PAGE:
We also now know that the National Disability Insurance Scheme which the government has promised to introduce will cost $1.5 billion over the forward estimates. That has been announced since the budget in May. Net costs over time will increase to $6½ billion a year. We will be looking for that money when MYEFO comes out.
The government has now confirmed, in answer to a question from my colleague and friend the member for Cook, that they no longer consider, for budget purposes, the Malaysia solution to be in place. Therefore, they now have to account properly for asylum-seeker blow-out costs. In the May budget this year there was a $1.75 billion blow-out. That was for one year. Now the boats are coming and they have to account in the forward estimates for the failure of the Malaysia solution.
The government has also said that there is going to be a $2 billion increase in pay over six years for 150,000 community sector workers. But they have neglected to add that the states have to match that and that the states have now refused to do so. In foreign aid, the government has said that it maintains its commitment to the 0.5 per cent of GNI increase in foreign aid. This will increase foreign aid significantly over the next few years and may well cost $6.7 billion.
All these additional government spending commitments need to be funded. Of course, Labor always play games. We know that they have already moved funding into this year. They moved funding into this year from next year so that they could get it out the door, make the deficit worse this year, claim that it is the European financial crisis and so reduce their expenditure for just one year.
The bottom line is that Labor does not have the ticker to take the hard yards, Labor does not have the ticker to reduce government expenditure and Labor does not have the ticker to tell Australians that we have to live within our means and then to live within their means as a government. The bottom line is that we are going to hear lots of words about deferral of projects, delay of projects and urgently needed projects being brought forward, but we know about Labor that all you can be sure of is that there will be more regulation and more tax—and there is not a country in the world which has become more prosperous with more tax. (Time expired)
The shadow Treasurer in his opening remarks referred fondly to his time in the eighth grade, and he has just demonstrated why his time in the eighth grade was the best three years of his life! The fact is that the Mid-Year Economic and Fiscal Outlook is a standard document. The opposition must have short memories—the previous government brought down 12 MYEFOs. This year will be no different. The government will build on the $80 billion of savings that it has already achieved, and of course the government will take the responsible pathway back to surplus.
We have seen here today and in the Leader of the Opposition's address last night to the Sydney Institute an attempt by the opposition to manoeuvre and pivot away from being seen to be negative all the time—always saying no—and towards being seen as a government in waiting with, as the opposition leader would like to present himself, a leader in waiting. The reason they are seeking to pivot away from their relentless negativity is that the voters have come to understand that the opposition leader is a 'one-trick Tony' who says no, no, no, no and no. His relentless negativity is precisely why, in any opinion poll, you will see the verdict of the Australian people being delivered on the opposition leader. He is a one-trick Tony who says who says no, no, no, no and no.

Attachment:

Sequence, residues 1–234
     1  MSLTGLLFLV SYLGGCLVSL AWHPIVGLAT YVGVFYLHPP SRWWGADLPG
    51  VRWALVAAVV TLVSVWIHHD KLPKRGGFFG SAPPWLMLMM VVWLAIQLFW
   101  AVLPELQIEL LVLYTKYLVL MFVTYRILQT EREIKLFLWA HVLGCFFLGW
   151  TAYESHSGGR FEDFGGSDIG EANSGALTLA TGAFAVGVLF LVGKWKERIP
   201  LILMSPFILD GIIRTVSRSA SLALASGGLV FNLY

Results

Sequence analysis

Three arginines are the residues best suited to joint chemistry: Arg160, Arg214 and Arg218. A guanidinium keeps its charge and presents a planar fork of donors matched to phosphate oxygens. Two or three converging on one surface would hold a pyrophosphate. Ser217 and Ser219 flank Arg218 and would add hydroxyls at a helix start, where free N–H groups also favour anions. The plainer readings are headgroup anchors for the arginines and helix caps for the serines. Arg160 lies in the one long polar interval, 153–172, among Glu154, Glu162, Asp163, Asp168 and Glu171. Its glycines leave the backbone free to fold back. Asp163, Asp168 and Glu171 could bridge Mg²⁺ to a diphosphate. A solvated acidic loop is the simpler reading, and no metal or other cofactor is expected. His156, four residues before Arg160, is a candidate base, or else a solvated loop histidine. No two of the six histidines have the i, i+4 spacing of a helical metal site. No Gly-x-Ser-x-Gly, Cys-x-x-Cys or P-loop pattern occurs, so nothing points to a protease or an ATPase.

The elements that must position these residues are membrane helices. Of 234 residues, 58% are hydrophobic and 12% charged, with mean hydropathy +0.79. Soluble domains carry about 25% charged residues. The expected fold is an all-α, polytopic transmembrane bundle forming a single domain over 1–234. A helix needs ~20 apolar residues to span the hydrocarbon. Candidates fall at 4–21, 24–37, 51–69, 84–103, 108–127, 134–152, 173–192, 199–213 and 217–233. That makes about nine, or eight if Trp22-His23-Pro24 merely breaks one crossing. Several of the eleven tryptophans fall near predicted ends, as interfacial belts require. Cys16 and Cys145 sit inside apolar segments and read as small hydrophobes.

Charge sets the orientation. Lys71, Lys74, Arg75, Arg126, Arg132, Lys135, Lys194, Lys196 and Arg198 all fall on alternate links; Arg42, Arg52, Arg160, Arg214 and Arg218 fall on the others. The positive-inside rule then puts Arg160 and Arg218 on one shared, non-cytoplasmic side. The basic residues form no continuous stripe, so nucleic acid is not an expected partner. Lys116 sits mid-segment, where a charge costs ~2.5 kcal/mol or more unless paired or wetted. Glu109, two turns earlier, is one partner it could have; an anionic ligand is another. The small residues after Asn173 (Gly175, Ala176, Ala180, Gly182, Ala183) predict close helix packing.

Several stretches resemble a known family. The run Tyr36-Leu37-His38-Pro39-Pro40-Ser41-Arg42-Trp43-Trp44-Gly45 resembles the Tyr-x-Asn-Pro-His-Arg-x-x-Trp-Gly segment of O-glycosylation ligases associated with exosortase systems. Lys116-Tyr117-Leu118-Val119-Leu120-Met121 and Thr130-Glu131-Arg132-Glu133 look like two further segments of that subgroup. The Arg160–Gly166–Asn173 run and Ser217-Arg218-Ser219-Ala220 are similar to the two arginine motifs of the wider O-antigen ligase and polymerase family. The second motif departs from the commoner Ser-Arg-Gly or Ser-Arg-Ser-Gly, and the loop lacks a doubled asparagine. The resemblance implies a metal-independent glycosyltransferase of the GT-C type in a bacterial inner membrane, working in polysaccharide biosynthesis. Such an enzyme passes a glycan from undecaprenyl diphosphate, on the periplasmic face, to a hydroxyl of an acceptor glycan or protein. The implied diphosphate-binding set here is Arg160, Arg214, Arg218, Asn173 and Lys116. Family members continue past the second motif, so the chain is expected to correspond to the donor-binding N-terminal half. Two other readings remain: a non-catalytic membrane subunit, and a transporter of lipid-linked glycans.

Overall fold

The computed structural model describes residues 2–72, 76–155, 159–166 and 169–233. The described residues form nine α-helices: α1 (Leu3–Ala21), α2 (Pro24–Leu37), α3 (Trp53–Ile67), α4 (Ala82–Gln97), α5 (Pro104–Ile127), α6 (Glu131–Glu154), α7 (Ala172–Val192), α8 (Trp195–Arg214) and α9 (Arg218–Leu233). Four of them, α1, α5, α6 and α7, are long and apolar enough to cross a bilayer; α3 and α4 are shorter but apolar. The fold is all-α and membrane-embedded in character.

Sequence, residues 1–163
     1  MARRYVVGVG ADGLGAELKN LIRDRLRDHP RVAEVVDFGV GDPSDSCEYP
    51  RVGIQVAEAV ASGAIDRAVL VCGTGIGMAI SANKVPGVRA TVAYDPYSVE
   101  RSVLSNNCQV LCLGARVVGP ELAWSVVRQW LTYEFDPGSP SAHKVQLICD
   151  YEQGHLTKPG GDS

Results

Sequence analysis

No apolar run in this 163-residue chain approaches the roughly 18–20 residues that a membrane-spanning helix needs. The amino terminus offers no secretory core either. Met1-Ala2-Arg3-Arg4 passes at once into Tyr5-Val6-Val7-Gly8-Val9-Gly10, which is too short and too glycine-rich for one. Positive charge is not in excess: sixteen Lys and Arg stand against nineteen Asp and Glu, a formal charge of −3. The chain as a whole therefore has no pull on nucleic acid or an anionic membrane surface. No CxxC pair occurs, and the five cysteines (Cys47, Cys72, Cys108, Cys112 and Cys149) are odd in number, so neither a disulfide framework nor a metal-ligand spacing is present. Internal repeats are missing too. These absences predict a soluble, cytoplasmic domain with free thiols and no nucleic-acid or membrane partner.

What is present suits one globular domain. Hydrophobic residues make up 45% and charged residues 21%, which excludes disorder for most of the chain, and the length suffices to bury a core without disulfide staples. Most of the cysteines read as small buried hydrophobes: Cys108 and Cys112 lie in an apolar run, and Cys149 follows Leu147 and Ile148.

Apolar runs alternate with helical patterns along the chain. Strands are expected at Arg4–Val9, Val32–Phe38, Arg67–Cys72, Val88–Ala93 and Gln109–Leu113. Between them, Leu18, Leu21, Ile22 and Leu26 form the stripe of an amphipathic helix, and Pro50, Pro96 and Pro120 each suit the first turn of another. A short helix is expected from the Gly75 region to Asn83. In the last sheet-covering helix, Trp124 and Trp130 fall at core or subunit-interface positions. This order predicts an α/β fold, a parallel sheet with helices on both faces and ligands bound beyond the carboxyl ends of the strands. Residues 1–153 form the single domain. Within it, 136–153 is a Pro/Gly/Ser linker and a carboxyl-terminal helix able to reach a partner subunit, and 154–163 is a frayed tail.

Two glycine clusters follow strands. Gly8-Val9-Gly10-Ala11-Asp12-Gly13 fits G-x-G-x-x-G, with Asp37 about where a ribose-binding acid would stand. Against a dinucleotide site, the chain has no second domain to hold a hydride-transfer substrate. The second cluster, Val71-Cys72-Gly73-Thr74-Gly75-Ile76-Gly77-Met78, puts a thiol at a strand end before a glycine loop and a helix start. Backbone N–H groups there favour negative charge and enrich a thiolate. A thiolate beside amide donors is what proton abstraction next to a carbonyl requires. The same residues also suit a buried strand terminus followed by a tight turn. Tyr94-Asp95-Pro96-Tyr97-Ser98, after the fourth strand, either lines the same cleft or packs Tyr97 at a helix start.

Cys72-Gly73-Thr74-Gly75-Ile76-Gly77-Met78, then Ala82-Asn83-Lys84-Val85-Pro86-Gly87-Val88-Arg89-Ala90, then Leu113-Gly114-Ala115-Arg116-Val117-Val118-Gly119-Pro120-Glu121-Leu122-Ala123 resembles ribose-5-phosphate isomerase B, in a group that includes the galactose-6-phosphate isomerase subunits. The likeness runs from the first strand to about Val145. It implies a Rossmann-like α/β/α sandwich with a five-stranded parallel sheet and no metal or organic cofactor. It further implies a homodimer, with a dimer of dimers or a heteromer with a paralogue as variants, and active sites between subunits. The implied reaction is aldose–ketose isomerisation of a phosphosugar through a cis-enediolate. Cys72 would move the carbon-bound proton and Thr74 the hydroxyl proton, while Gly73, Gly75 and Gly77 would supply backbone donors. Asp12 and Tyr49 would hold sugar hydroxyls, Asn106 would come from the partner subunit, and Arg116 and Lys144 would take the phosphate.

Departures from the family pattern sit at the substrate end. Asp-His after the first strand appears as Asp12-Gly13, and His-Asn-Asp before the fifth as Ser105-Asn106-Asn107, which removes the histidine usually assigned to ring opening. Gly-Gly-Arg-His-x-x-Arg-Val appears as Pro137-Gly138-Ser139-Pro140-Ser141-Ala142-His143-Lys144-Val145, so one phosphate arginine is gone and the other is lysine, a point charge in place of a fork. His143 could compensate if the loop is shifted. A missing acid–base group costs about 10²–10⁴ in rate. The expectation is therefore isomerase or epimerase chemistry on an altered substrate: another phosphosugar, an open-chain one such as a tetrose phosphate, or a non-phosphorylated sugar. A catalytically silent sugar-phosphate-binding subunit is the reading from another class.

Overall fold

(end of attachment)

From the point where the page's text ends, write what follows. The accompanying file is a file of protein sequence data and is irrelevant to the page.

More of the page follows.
If you think of both the address that has just been given and the address given by the opposition leader last night, it is clear that this new strategy—this new manoeuvre; this pivot—is designed to instil in people a perception that there is some sort of crisis in the Australian economy by talking the Australian economy down. This opposition would rather see Australia fail than see the Labor government succeed, so its latest manoeuvre is to talk the economy down. But we know that the opposition itself lacks all fiscal credibility, and I will explain why in a moment.
The opposition has run its course on carbon pricing. We know that the oxygen has been exhausted from that campaign, and we are witnesses to the fact that, even at the time when the opposition leader should have been here, he scurried off to Europe to join a Conservative conference. So now, when those opposite have run out of oxygen—run out of thoughts other than saying no, no, no, no and no—they think, 'It's time for a new scare campaign; we'll generate a sense of economic crisis by drawing linkages with the Eurozone crisis.' This, of course, comes from the same opposition leader who, when he is overseas, describes the Australian economy as the envy of the world. Here are the terms in which the opposition leader is seeking to generate a sense of crisis. Last night in his speech to the Sydney Institute he said: